On March 6 the enforcement staff of OPA will begin a program of checking gasoline coupons in the possession of motorists. They will station themselves at gasoline stations and will ask to see ration books of those buying gasoline.
The motorists whose books show coupons properly endorsed will depart with a blessing. But if a motorist appears whose book contains coupons not fully endorsed, he will be heading for complications. Notice will be served upon him that he must appear within 10 days before his local rationing board and give evidence that all his coupons have been endorsed. Failure to do this will result in revocation of his gasoline ration.
This activity is entered upon to put the brake on the black market. The OPA requires that all coupons be endorsed as soon as issued. This consists in writing upon the face of the stamp, the license number of the car, together with the state in which the car is licensed.
A & P Food Stores Specials: Sunnyfield Corn Flakes 18 oz. pkg. 11’; Sunnyfield Rolled Oats, 3 lb. pkg. 18’; Wheaties, 8 oz. pkg. 10’; NBC Shredded Wheat 12’; Peanut Butter 2 lb. jar 35’; Sunkist Lemons 3 for 10’; Carrots, large bunch 7’; Potatoes, 100 lbs. $2.95; March issue Womans Day magazine, 2’; Sugared Donuts doz. 16’.
Another party for high school students was sponsored Friday evening at the Legion Hall by the American Legion Auxiliary, the committee in charge being, Mrs. Elmer Counsell, Mrs. James Cummings and Mrs. Floyd Casler. Music for the dancing was furnished by a group of high school students forming a swing band. The band was directed by Miss Virginia Scholtz, who played the piano. This event will again be repeated next Friday evening.
Mrs. Cummings wishes it understood that these parties are intended for all young people of high school age, whether or not they may be pupils in high school.
Sgt. Dale Short, who has been attending army bombardier school at San Angelo, Texas, arrived home Monday morning on a leave-in-transfer. On April 1, Sgt. Short will report to Hammer Field, Fresno, Calif.
Milo Mabie, Seaman 1st class, surprised his family Saturday night when he arrived home unexpectedly on a short leave. He left Sunday afternoon for Great Lakes and expected to leave there Tuesday for ship duty on the west coast.
Harold J. Beaver, son of Mr. and Mrs. Nick Beaver of Loyal community, has been promoted to chief petty officer in the Navy. He is stationed on an aircraft carrier.
Mr. and Mrs. Adolph Voigt, Sr., of Loyal, have just had visits from three boys in the service: Leland of Camp Polk, La; Elroy of Georgetown University and Adolph, Jr. of Great Lakes, Il.
Henry F. Fisher of Thorp having completed his air training is now a second lieutenant and anticipates an early departure to a combat area.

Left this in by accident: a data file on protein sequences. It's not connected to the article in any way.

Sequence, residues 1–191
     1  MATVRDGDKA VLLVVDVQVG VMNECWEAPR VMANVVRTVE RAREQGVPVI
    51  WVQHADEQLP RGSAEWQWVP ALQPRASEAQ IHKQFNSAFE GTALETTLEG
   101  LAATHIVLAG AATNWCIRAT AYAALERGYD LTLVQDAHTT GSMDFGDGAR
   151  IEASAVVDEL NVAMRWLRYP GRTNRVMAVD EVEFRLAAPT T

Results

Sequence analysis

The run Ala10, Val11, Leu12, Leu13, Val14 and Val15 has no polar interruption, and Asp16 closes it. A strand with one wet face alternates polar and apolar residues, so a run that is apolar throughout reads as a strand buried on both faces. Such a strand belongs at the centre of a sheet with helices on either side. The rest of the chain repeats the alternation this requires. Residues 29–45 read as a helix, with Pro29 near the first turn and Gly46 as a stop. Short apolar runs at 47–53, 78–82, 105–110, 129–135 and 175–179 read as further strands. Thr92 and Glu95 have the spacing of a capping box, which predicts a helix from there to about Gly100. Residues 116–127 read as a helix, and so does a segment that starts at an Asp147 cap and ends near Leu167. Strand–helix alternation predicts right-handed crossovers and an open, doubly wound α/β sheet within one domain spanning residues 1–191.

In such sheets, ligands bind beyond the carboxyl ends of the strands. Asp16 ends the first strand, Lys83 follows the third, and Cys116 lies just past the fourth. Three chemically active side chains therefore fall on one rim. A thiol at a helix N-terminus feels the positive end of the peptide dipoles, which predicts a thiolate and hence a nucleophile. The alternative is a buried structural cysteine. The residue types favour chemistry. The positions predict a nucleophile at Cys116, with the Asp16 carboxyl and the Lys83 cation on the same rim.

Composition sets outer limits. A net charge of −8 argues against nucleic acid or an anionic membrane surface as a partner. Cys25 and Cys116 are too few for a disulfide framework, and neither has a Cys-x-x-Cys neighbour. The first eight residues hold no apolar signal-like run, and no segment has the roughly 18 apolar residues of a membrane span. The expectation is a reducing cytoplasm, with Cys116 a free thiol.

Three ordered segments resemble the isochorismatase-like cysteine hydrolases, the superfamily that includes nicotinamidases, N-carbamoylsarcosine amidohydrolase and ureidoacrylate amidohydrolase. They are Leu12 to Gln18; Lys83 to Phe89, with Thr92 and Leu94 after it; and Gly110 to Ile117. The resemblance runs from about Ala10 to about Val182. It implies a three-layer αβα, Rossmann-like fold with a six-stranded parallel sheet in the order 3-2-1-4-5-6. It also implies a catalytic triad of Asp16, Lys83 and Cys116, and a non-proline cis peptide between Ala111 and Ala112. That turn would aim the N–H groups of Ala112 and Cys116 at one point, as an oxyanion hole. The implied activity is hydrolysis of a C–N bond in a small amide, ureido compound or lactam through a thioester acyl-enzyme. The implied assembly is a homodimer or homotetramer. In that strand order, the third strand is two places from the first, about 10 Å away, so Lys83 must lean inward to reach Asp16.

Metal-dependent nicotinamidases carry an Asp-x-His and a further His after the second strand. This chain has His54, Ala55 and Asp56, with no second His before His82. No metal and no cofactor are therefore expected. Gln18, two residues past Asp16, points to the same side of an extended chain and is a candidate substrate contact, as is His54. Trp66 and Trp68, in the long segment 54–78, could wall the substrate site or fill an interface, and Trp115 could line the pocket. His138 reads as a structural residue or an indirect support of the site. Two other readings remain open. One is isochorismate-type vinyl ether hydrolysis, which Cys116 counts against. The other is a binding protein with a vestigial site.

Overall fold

Mrs. Gordon Campbell and son, Donald received a letter from the officer in command of the outfit in which Pfc. Gordon Campbell is serving. This is an engineer outfit, and it is in England, posed for the big job ahead. With important preparations in the making, Pfc. Gordon Campbell has rendered such service that he was one of those honored in a parade and ceremony, in which he was awarded the Good Conduct Medal.
The Joseph Chase farm, a mile and a half east of Neillsville has been purchased by Carl Eisentraut and will be operated by Mr. and Mrs. Earl Erickson of Marshfield, Rt.1 who will take possession on April 1. Mr. and Mrs. Joseph Chase, Jr., expect to move at that time to the former James Milton farm west of town, now owned by Andrew Mason.
On Palm Sunday, April 2 at 10:30 oclock, St. Johns Evangelical Lutheran Church will receive a class of twenty catechumens into membership by the rite of confirmation. The class will be robed in white collegiate gowns; the members were examined in the chief doctrines of the Bible in a special service last Sunday.
The following are members of the class: Grace Baumann, Jennie Borde, Dixie Cardarelle, Roland Diercks, Janet Dudei, Julette Dux, Raymond Gluck, Betty Greeler, Roland Jenni, Elaine Krause, Althea Kluhsmann, Leroy Lenz, Marion Marg, Melvin Marg, Donald Marg, Irvin Marg, Edgar Ott, Dorothy Pflughoeft, Ruby Stone, and Dorothy Weiting.
The class song is Take thou My Hands and Lead Me.
Clark County Trivia: In 1918 there were 111 cheese factories and 10 butter factories in Clark County. That averages out to at least seven factories for every two townships.
The A& P Store was located on the southeast corner of Hewett and East Sixth corner in the 1930s through the 1940s, providing grocery items to the community.